Why Was The Notre-Dame Fire So Hard To Fight ?

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Why Was The Notre-Dame Fire So Hard To Fight ?

Postby toucana on April 16th, 2019, 5:00 am 

Void.jpg
Fire visible in roof void above fan vault ceiling in nave

The fire at Notre-Dame in Paris yesterday has provoked a good deal of discussion as to quite why it was so hard for firefighters to tackle the blaze effectively at first.

https://edition.cnn.com/2019/04/15/europe/firefighters-notre-dame-intl/index.html

The fire is reported to have begun within the vast wooden framed attic space above the quire and transept which was undergoing restoration work at the time.

The biggest problem, experts say, was accessing the wooden ceiling beams which formed the frame for the soaring roof. The attic contains thousands of oak beams, some of which date back as far as the 13th century.

Once the beams start burning, the stone exterior makes it harder for firefighters outside the building to get to the source of the flames. The internal stone fan vault ceiling also traps heat and smoke, preventing them from working inside either.

The Notre Dame's height also posed a challenge, providing extra oxygen for the fire to breath and complicating efforts to reach the flames.

"The fuel load is way up in the air, and the firefighters can't get to it quickly," said Glenn Corbett, associate professor of fire science at New York's John Jay College of Criminal Justice.

Aerial options like the one suggested by US President Donald Trump were also considered unrealistic.

"Perhaps flying water tankers could be used to put it out. Must act quickly!" Trump said in a tweet.

But according to Corbett, no plane pilot could drop water "exactly in that one spot moving several hundred miles an hour over it."

The French civil security agency, Securite Civile, said in an apparent reference to Trump's suggestion that any aerial water dumping could "weaken the structure of Notre-Dame and result in collateral damage to the buildings in the vicinity."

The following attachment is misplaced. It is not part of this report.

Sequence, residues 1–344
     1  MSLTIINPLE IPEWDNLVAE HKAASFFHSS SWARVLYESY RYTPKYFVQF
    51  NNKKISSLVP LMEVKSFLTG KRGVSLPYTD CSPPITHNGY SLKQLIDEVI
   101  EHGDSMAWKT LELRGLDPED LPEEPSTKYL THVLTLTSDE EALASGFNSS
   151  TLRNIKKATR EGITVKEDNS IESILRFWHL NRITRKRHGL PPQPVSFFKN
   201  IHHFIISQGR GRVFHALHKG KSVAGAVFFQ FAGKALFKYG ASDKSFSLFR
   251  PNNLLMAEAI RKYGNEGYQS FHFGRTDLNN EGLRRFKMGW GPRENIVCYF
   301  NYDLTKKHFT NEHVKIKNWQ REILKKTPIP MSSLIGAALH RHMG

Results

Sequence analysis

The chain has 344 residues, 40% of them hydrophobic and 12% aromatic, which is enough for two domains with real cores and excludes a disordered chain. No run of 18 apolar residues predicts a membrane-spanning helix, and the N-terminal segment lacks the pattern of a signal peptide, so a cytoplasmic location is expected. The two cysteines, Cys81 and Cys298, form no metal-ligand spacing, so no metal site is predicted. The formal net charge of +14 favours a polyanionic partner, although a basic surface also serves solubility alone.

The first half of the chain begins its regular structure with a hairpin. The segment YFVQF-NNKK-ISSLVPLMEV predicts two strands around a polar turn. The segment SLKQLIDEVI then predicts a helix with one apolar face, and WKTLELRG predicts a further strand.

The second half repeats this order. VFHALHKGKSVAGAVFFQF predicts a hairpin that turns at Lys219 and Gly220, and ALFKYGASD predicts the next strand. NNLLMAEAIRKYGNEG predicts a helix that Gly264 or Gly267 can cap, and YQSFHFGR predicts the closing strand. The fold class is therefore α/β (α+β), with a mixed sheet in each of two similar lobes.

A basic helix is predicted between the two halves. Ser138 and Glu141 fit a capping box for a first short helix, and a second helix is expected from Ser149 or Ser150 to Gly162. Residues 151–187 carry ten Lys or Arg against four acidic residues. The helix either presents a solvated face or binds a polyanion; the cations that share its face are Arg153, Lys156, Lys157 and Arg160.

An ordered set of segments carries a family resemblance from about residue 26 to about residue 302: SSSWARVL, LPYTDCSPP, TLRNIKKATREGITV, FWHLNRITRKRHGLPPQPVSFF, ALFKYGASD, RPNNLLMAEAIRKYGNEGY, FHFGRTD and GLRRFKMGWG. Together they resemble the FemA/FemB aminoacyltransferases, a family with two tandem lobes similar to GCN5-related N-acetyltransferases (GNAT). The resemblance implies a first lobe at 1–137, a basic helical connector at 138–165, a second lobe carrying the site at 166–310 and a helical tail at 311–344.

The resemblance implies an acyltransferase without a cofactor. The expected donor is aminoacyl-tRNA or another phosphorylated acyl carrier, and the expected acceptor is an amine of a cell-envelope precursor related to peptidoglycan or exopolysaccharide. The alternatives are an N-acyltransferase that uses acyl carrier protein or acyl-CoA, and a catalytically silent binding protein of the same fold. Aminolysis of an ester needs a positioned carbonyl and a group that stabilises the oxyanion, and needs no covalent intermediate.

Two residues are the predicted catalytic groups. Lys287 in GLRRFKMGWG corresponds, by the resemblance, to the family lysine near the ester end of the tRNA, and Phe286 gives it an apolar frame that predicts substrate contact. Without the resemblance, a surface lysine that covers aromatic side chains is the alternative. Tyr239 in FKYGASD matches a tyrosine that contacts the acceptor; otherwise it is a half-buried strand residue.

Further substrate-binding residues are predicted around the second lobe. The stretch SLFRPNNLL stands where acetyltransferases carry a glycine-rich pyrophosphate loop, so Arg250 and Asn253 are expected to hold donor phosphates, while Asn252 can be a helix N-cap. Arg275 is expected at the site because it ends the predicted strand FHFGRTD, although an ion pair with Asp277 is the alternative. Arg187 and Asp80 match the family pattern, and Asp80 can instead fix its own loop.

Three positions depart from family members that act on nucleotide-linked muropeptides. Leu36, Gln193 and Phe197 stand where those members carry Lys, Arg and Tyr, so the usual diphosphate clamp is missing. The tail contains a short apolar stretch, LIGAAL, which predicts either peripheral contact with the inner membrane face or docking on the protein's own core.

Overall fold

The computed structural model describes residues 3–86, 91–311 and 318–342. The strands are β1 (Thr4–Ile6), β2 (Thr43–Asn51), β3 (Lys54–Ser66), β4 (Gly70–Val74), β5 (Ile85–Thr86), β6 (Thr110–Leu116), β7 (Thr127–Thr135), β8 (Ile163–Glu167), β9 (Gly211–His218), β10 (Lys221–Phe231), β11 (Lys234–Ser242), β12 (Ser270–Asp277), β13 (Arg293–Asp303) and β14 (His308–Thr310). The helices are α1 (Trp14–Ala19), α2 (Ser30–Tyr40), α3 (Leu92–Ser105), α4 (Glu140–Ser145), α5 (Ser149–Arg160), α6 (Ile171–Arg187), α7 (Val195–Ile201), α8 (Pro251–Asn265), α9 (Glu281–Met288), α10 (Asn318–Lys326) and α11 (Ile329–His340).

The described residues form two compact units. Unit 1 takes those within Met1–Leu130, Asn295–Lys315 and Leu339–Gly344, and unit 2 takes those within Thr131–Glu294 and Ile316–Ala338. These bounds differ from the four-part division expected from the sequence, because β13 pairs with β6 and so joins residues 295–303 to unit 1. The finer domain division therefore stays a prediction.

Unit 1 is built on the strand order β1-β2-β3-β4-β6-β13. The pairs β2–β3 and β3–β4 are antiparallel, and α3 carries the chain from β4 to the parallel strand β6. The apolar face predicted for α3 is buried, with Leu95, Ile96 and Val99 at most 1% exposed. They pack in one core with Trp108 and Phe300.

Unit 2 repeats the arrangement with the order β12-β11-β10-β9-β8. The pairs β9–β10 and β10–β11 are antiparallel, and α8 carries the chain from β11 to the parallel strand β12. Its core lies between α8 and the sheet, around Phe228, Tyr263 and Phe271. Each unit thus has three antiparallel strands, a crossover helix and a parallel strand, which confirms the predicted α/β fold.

Corbett also ruled out the use of helicopters: "One of the issues you've got here, is that thermal updraft, that's a chimney effectively, you can't fly a helicopter in hot air. The air is so thin."

Once the burning 750 ton spire collapsed and crashed through the main roof and set the whole length of the building on fire, the most urgent priority was to stop the bell towers at the west end of the cathedral from catching fire. These towers house ten large bells. The tenor bell Emmanuel in the south tower alone weighs 13 tons, and there is another ring of eight bells in the north tower.

At one point French-fireighters were in a desperate battle to contain a fire inside the north tower. They warned that if the bell frame was consumed and those large bells tore free and fell, that the whole of the north tower would collapse with them.

In all probability the south tower would have been compromised and fallen as well, at which point a domino collapse of the entire external wall and flying buttress structure could have ensued to complete the demolition.

That much they were spared.
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Re: Why Was The Notre-Dame Fire So Hard To Fight ?

Postby charon on April 16th, 2019, 11:31 am 

Why Was The Notre-Dame Fire So Hard To Fight ?


Because, as I understand it, inside it was largely made of dry wood. And we don't know the cause of the fire yet.
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Re: Why Was The Notre-Dame Fire So Hard To Fight ?

Postby toucana on April 16th, 2019, 1:39 pm 

The void space between the fan vault ceiling and the external roof was filled with a supporting structure of timber beams equivalent to around 13,000 trees. That was the 'fuel load' referred to in the OP.

Everything else from the fan vault ceiling down to the ground is largely made of limestone columns and blockwork which is still standing (as shown in the photograph supplied).

The enormous stone arches and ribbed stone fan vault ceiling would have originally been constructed over massive pieces of wooden form-work that were subsequently demolished and removed by the masons and carpenters once the stone structure was fully complete, and was in equipoise, with the ceiling load evenly transferred to the walls and the external flying buttress system.

Rather remarkably, the Twitter feed of French News site BFMTV appears to be claiming that at least one of the famous Rose windows is still intact, and that at least one of the three great organs in Notre-Dame escaped the flames.
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